The most significant indigenous group of Michoacán is the Purépecha, sometimes called the Tarascans, an independent people that resisted Aztec conquest. Their language is unrelated to other Mexican languages; it is possible that they originate in South America.
The name ” Tarascan ” (and its Spanish-language equivalent, “tarasco”) comes from the word “tarascue” in the Purépecha language, which means indistinctly “father-in-law” or “son-in-law”. The Nahuatl name for the Purépecha was “Michhuàquê” (“those who have fish”), whence the name of the Mexican state of Michoacán.
The Purepecha or Tarascans (endonym Western Highland Purepecha: P’urhepecha [pʰuˈɽepet͡ʃa]) are a group of indigenous people centered in the northwestern region of Michoacán, Mexico, mainly in the area of the cities of Cheran and Patzcuaro.
In pre-Hispanic times, the area was the home of the Purépecha Empire, which rivaled the Aztec Empire at the time of Spanish encounter. After the Spanish conquest, the empire became a separate province which became smaller over the colonial period. Michoacán is known for its Spanish colonial towns.
Do Not Travel to the States of Colima, Guerrero, Michoacán, Sinaloa due to crime; or to the State of Tamaulipas due to crime and kidnapping. Reconsider Travel to the states of Chihuahua, Coahuila, Durango, Jalisco, Mexico, Morelos, Nayarit, Nuevo Leon, San Lui Potosi, Sonora, and Zacatecas due to crime.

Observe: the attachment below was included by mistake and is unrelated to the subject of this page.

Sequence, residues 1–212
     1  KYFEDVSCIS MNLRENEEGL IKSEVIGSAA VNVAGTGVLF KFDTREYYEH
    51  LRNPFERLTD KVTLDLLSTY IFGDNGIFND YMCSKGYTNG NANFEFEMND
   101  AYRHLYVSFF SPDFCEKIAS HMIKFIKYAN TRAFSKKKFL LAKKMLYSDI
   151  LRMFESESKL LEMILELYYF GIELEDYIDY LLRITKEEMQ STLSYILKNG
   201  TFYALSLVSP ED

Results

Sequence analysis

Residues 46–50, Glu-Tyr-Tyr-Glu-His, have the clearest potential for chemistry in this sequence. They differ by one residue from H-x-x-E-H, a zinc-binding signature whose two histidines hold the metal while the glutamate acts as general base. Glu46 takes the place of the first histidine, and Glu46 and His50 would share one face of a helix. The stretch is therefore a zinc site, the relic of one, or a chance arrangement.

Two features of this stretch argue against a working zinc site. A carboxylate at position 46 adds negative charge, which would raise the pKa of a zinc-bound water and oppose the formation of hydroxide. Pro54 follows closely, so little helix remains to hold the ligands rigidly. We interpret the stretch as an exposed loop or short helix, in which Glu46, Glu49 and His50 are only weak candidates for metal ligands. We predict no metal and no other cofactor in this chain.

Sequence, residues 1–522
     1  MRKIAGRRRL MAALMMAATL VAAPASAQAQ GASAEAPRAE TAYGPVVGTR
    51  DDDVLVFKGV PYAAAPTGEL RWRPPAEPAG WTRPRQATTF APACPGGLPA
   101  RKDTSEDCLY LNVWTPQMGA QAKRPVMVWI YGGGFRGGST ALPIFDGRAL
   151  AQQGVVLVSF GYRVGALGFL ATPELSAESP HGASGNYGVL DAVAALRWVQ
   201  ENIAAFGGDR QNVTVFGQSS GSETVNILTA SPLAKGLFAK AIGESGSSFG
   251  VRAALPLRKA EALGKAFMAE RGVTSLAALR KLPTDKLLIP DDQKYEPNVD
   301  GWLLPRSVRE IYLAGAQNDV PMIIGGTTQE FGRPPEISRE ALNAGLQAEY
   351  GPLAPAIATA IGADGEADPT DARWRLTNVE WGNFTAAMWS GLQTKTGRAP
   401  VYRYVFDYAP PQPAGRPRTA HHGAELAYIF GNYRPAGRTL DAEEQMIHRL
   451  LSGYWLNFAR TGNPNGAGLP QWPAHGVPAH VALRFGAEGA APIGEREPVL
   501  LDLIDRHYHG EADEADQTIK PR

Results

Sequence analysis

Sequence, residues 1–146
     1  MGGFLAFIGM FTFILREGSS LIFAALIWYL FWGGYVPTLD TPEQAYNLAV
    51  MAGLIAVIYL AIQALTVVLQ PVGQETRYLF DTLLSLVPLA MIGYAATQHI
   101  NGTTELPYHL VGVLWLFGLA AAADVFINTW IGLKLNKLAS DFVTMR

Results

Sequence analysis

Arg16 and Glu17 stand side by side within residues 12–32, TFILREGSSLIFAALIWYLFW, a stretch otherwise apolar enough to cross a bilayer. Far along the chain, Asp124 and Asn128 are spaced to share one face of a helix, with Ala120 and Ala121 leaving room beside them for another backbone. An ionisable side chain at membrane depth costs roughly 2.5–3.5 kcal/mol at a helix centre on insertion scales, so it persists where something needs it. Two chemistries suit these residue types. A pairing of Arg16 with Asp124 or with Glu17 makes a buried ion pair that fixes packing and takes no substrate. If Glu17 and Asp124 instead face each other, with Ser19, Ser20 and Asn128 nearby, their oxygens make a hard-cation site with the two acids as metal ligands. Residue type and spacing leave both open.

Michoacán Nahuatl is the name given to a variety of Nahuatl language spoken by the Nahua Michoacan on the Pacific Coast of Mexico in Michoacán. It is a dialect of Nahuatl, a language of the Uto-Aztecan trunk.
|Region||Maruata Pómaro, Michoacán|
|Native speakers||(3,000 cited 1990 census)|
Purépecha is a language isolate spoken by some 175,000 people in the highlands of the Mexican state of Michoacán. Purépecha was the principal language of the Tarascan state, which was founded in the early 14th century, occupied more or less same area as Michoacán, and fell to the Spanish in 1530.
Tierra Caliente (Spanish for Hot Land) is a cultural and geographical region in southern Mexico that comprises some low-elevation areas of the states of Michoacán, Guerrero and Mexico. As the name suggests, the region is characterized by a hot climate.
Spanish Invasion Spanish explorers led by Hernan Cortes landed in Mexico during the early 16th century. The explorers worked their way west across the land, coming into contact first with the Aztecs, who asked the Purhépecha for assistance in negotiations with the Spaniards, and later with the Purhépecha themselves.
The Purepecha language, previously known as Tarascan, is a language isolate that is not even provisionally linked with any other language. It is spoken in the state of Michoacan near Lake Pátzcuaro and the Paricutín volcano.
What to eat in Michoacán? Top 6 most popular Michoacanese dishes Egg Dish. Huevos migas. Michoacán. Mexico. n/a (3) Snack. Corunda. Michoacán. Mexico. n/a (4) Stew. Churipo. Michoacán. Mexico. shutterstock. Vegetable Soup. Tarascan Pinto Bean Soup (Sopa Tarasca) Michoacán. Mexico. Dessert. Chongos Zamoranos. Zamora de Hidalgo. Mexico.
The flag of the State of Michoacán is, like most current Mexican state flags, the coat of arms centered on a white field. The coat of arms of Michoacán is divided into four sections. The upper dexter field is red with a statue of José María Morelos, one of the most important figures in the war of independence.
Michoacán (Level 4): “Crime and violence are widespread in Michoacán state. Do not travel due to crime.” Morelos (Level 3): “Violent crime and gang activity are common in parts of Moreles state.”